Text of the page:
And some electricity history

The recent relocation of the London Electricity Board's headquarters has resulted in the vacation of two historic buildings, Alpha Place in Flood Street, Chelsea and Lesco House, Stamford Street, Waterloo. Alpha Place was built in 1894 by the Chelsea Electricity Supply Company as a generating station with two 80kw DC generators fed by two Babcock & Wilcox boilers, by 1911 the output reached 2,800 kW and in 1928 generation ceased when the CESC obtained a bulk supply from the London Power Company. In 1936 the CESC became part of the Central London Electricity Supply Co. and on nationalisation in 1948 CLESCo became part of the LEB. Throughout this period Alpha Place was used as sub-station with office accommodation added in 1950.

Lesco House was built in 1930 by the London Electricity Supply Co, on land leased from the Duchy of Cornwall. This three-storey building was used for Headquarters departments and extended to five floors in 1965.

Another LEB building has been recently refurbished, the former power station at 25 Eccleston Place, Victoria, which was designed by Stanley Peach and built in 1891 for the Westminster Supply Corporation. The building was later used as a sub-station and offices and became disused during the 1960s. Over the last two years the building has been reconstructed, retaining the original façade, as modern office accommodation. Tim Kendall (who is allowed to give his name!)

Early insulators

Mike Pope of the Sussex IA Society has written to me on the subject of insulators used for early telecommunications and electricity supply transmission lines, which he has been researching for a number of years. He asks about early insulator manufacturers 'Fuller of Bow' and 'Warden of Westminster' of whom little is known. He also suggests that London is likely to be the best source of early insulators, either attached to old buildings or in subways and railway tunnels. He says 'Should, you, or any of your industrial archaeological colleagues, be in a position to recover any early or unusual insulators, it could be of considerable help to me'. Tim Smith
Anyone with any knowledge of this subject is invited to write to Dr. Pope at 34 The Avenue, Hambrook, Chichester, Sussex PO18 8TY

Stoneways: Commercial Road Stoneway — A postscript

I have found a second illustration of the Commercial Road Stoneway (see Newsletters 77 & 83) in the Illustrated London News of 15 November, 1851 (p.604). The picture is of the Bow Spring Bridge, Stepney Station, but it does depict the stoneway, under the bridge on the south side of Commercial Road, with a wagon pulled by two horses. Only one stoneway is shown, supporting the theory that the second was never built. Tim Smith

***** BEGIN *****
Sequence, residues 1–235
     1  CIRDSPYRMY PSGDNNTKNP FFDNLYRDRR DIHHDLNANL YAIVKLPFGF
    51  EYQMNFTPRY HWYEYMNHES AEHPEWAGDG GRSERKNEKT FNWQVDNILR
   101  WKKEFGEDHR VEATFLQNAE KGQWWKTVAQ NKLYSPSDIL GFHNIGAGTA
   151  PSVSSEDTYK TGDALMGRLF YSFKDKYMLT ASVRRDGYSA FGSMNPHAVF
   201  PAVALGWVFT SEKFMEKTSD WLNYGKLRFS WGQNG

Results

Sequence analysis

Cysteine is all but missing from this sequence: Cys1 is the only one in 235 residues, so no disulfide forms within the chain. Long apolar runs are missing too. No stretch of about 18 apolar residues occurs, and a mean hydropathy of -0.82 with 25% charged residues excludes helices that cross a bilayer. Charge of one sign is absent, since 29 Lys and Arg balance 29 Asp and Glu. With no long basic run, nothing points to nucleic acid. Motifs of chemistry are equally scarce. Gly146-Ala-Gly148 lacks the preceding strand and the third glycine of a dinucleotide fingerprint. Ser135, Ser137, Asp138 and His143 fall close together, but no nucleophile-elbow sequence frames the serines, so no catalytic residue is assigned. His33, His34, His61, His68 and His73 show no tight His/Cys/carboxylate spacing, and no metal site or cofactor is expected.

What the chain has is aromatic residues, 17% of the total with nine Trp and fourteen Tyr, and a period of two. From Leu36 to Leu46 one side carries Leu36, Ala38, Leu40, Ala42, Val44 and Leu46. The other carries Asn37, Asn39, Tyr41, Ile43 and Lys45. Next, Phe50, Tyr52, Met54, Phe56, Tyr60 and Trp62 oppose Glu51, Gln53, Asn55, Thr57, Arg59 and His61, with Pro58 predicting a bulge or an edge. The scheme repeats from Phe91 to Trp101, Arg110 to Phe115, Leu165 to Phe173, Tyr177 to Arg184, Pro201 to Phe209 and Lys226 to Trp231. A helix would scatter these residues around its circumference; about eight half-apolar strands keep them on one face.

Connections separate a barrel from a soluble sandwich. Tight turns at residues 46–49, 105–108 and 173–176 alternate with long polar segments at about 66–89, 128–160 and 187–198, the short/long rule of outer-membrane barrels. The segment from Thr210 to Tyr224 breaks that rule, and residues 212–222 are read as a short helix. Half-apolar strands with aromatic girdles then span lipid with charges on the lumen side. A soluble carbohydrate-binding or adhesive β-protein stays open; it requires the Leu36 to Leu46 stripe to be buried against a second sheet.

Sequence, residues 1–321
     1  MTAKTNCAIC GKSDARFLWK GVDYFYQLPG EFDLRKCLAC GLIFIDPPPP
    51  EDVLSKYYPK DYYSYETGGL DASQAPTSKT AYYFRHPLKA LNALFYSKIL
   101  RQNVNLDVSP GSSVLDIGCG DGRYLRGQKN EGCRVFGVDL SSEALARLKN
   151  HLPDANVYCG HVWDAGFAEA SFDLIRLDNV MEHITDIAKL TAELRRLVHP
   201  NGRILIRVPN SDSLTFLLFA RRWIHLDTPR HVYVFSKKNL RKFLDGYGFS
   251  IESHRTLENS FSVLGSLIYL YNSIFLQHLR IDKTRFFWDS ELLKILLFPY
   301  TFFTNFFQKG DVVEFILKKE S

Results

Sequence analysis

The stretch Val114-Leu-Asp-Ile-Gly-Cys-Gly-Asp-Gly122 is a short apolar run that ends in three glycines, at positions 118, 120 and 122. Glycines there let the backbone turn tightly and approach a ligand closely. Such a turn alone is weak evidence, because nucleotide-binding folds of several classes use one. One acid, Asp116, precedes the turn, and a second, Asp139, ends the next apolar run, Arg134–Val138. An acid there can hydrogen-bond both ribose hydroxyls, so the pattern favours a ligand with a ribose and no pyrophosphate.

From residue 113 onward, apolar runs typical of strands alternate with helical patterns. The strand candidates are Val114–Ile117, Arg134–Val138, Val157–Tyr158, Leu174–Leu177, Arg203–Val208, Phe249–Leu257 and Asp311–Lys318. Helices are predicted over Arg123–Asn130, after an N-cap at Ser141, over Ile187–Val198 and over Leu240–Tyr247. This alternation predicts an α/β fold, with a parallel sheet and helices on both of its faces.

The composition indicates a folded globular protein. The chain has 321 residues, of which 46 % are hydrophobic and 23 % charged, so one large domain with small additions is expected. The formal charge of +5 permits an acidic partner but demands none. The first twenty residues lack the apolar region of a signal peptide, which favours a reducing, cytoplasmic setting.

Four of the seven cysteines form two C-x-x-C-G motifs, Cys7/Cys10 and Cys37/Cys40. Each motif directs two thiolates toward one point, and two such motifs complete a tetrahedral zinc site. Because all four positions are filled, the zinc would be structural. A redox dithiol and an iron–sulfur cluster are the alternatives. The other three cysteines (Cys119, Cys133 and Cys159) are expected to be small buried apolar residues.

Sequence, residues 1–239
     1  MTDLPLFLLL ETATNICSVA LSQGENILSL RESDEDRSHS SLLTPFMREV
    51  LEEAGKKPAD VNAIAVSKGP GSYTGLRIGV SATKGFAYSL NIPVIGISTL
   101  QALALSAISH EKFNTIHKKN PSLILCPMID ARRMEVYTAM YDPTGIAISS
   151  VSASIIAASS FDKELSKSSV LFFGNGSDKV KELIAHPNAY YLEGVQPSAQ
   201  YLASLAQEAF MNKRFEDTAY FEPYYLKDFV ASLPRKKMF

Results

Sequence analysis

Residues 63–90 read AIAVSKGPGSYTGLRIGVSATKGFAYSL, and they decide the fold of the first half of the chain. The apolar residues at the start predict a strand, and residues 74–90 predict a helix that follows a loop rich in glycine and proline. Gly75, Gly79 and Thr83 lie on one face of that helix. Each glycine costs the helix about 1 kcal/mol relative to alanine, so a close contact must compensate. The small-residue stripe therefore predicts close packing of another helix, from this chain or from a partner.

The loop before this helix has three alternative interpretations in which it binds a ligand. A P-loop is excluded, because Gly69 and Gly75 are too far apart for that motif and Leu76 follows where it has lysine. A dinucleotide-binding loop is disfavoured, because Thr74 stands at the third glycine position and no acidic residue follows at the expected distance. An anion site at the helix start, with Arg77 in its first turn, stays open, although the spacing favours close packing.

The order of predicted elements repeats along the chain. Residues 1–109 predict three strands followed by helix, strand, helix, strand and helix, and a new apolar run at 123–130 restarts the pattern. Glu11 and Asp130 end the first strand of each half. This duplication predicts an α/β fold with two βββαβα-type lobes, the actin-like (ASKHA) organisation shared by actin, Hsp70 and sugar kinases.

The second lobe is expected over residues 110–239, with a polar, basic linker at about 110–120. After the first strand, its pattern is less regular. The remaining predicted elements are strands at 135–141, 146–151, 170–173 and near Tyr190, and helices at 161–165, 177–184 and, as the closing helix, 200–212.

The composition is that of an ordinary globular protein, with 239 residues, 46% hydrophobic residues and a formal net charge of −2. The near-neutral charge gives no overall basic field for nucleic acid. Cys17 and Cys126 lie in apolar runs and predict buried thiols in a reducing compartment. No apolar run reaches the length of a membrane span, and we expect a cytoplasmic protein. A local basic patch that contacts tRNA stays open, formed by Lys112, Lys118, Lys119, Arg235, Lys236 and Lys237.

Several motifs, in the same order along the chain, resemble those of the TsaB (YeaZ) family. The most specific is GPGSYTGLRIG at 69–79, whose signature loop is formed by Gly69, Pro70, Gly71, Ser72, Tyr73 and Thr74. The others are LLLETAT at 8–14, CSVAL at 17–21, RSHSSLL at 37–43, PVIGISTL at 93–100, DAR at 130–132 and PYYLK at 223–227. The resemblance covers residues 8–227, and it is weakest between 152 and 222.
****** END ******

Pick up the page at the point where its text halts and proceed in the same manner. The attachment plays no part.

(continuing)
... and woodenways

Robert Dawson has been kind enough to donate to GLIAS 'Modern Road Construction' by Francis Wood, a 1912 book with numerous references to wood paving (hard & soft). It is most interesting and includes a map which shows that most of the roads in Fulham were at this time wood paved. There is too much to put in this newsletter, but I will bring it to the AGM for anyone that would like to see it.

Derek Bayliss has also found some literature on the subjects 'The Construction of Roads and Streets' by Henry Law & D. Kinnear Clark (Crosby Lockwood & Son, 1890) devotes five chapters to the subject, as well as part of its historical chapter and mentions many different types, with examples of their use in London. It agrees with 1839 as the date of the first London example, but says that it was at the Old Bailey, not in Oxford Street. An appendix contains an 'Extract from the Report of Colonel Heywood, Engineer and Surveyor to the Commissioners of Sewers, City of London, on the condition of Wood & Asphalt Carriage-way Pavements, on 1 February, 1877', which lists numerous examples in the City, with details of their age, area and condition and who laid them. The impression is given that they wore out within two or three years; perhaps more readily with the iron-tyred wagons of those days than with today's pneumatic tyres.

Derek has also formed a 'GLIAS-type recording group for the Sheffield Trades Historical Society', who are 'having as hard a time keeping ahead of demolition of steel and cutlery works as David Thomas did with the Thames side warehouses'. Having discovered 'a former water-powered site, not a stone's throw from the city Centre, that isn't in Miller's Water Mills of Sheffield' Derek is obviously enjoying himself and would welcome 'any GLIAS members who find their way here' (particularly if they don't mind helping), or to hear from anyone with useful information.

Activities captured in architecture. Part 1 — Transport

This three-part series is intended to list some — and encourage members to let me know of other — buildings which have as features of their design scenes or products with an IA interest (pub signs, coats of arms and painted items have been excluded). Part 1 deals with transport; next will be food and lastly all the rest. If you know of any 'gems' please let me know at 36 Pearman Street SE1 7RB.